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Ozoneocean at 12:00AM, Dec. 1, 2017

Blurb writing is an essential skill you need to develop if you're going to be able to sell your work and make it attractive and interesting to people!
What IS a blurb? Well it's a short little summery of your webcomic (or anything else), it's positive, descriptive, tempting, has teasers but no spoilers. They're surprisingly hard to do! Especially for your own work. You have to crystallise it all down to just a few interesting points, you have to sum up your entire story and the characters in just a couple of lines…

How to write them?
Over the years I've had to write a LOT of them for the featured comics and so I've come up with some techniques:

1. - First you summarise the premise that the story begins with: “In a devastated city…”
2. - Next up you tell us who the main players are: “Kathy and Cain were about to find their lives changed forever!”
3. - What's at stake? “They must protect their people from the ravages of the evil warlord…”
3. - Tell us the genre and style: “A hilarious Scifi, drama, romance…”
4. - If you have enough room tell us about the art: “Full colour digital artwork…”
5. - Lastly, you can tell us what the work reminds you of to give people something to relate it to: “Much like Maus, it tackles the heavy subjects in a serious manner”

-Remember to be positive!!!!

Some of the common mistakes people make when writing blurbs are:

1. - Being too negative: Don't do that. You're talking about the best stuff ever here. You want people to read it not ignore it.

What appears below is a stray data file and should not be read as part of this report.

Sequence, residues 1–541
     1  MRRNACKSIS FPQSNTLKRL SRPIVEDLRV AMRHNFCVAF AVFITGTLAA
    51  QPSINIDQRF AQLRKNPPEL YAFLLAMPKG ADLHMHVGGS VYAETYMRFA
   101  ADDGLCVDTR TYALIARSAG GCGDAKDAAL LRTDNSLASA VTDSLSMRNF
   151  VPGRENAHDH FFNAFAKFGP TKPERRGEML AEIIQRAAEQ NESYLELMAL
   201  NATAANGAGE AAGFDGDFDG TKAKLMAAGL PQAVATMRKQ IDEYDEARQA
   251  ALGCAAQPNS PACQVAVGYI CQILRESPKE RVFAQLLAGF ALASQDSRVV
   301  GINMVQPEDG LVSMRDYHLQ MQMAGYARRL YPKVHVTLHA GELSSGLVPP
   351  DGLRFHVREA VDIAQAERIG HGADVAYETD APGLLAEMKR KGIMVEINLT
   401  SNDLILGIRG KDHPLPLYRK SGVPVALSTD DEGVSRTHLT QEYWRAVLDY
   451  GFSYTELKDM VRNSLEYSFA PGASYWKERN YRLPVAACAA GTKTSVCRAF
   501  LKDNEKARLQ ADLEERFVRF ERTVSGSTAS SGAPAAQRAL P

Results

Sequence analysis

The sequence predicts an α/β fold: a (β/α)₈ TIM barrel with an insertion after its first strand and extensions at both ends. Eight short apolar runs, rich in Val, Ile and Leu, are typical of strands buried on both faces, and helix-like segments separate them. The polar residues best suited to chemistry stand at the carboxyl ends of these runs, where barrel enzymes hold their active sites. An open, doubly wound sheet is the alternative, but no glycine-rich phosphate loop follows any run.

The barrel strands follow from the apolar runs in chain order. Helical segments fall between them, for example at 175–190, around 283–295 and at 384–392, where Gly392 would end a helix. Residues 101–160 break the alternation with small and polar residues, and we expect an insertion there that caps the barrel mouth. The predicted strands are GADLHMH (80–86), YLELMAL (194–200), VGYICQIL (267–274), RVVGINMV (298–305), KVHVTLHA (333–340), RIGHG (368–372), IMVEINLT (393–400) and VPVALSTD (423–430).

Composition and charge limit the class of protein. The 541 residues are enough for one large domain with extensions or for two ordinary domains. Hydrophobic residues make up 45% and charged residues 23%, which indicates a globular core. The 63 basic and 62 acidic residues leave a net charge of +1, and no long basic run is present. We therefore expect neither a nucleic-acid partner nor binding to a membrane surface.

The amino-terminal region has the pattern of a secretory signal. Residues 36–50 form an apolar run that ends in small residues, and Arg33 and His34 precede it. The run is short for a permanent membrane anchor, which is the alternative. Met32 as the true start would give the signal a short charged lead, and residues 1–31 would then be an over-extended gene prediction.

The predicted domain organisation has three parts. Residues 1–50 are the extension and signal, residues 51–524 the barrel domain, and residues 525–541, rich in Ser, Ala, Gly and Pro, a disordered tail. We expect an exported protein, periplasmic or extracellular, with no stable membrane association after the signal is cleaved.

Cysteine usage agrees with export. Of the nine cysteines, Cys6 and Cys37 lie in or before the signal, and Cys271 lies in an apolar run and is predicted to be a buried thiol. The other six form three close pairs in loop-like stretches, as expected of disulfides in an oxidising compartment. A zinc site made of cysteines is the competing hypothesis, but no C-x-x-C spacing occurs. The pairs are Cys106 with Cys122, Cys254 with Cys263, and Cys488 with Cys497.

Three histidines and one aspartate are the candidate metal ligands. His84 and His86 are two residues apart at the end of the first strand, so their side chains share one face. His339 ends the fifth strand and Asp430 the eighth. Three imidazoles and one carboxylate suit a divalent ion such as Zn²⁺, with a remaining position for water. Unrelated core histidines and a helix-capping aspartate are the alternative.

2. - Giving spoilers: Don't tell us about all the characters and plot points that will be introduced in your story over the course of 100 pages and other things you have planned and haven't even written yet! You should only really tell us about the first few pages… Let the reader discover the rest for themselves, or else what's the point of them reading if you've already described it all?
3. - Being too mysterious: People aren't going to bother to find out about your work at all if you're too cryptic or just don't say enough.
4. - Selling your work the wrong way: If you tell people your comic is a slice of life comedy and it's really a drama porno then readers aren't going to like that. Please be honest.

I hope that helps!
I'd love to know your tips for writing a good blurb!

Here are the blurbs Kawaii and I write every singe week -



Ozoneocean at 6:00PM, Dec. 1, 2017


bravo1102 at 1:43PM, Dec. 1, 2017

@tantz: sounds like 'Allo 'Allo.

Tantz_Aerine at 1:04PM, Dec. 1, 2017

"Without Moonlight is a hilarious vintage slice-of-life comedy about friends and culture shock with very dedicated tourists. Shenannigans ensue!" How'd I do maestro?

usedbooks at 10:11AM, Dec. 1, 2017

In regards to selling something the wrong way, I got conned into going to see The Relic because the movie trailer tried to sell it as a dark comedy. The trailer contained the single joke from the movie. It was terrible. (Btw, I suck at blurbs, so thanks for this insight!)

bravo1102 at 6:09AM, Dec. 1, 2017

And tag lines can help. "Topless gladiators in desperate combat " One piece of what you're doing or have planned that will grab a reader by the lapels and scream "read this!" "Aliens turned them into faceless monsters to destroy--"

bravo1102 at 5:32AM, Dec. 1, 2017

Think: How can you summarize your magnum opus into one sentence? How would you pitch it to an investor in an elevator in five minutes? The infamous elevator pitch. Some producers give aspiring writers just such an opportunity. If you can do it you can make a sale. Same with blurbs. It starts somewhere with selling a reader with that blurb.

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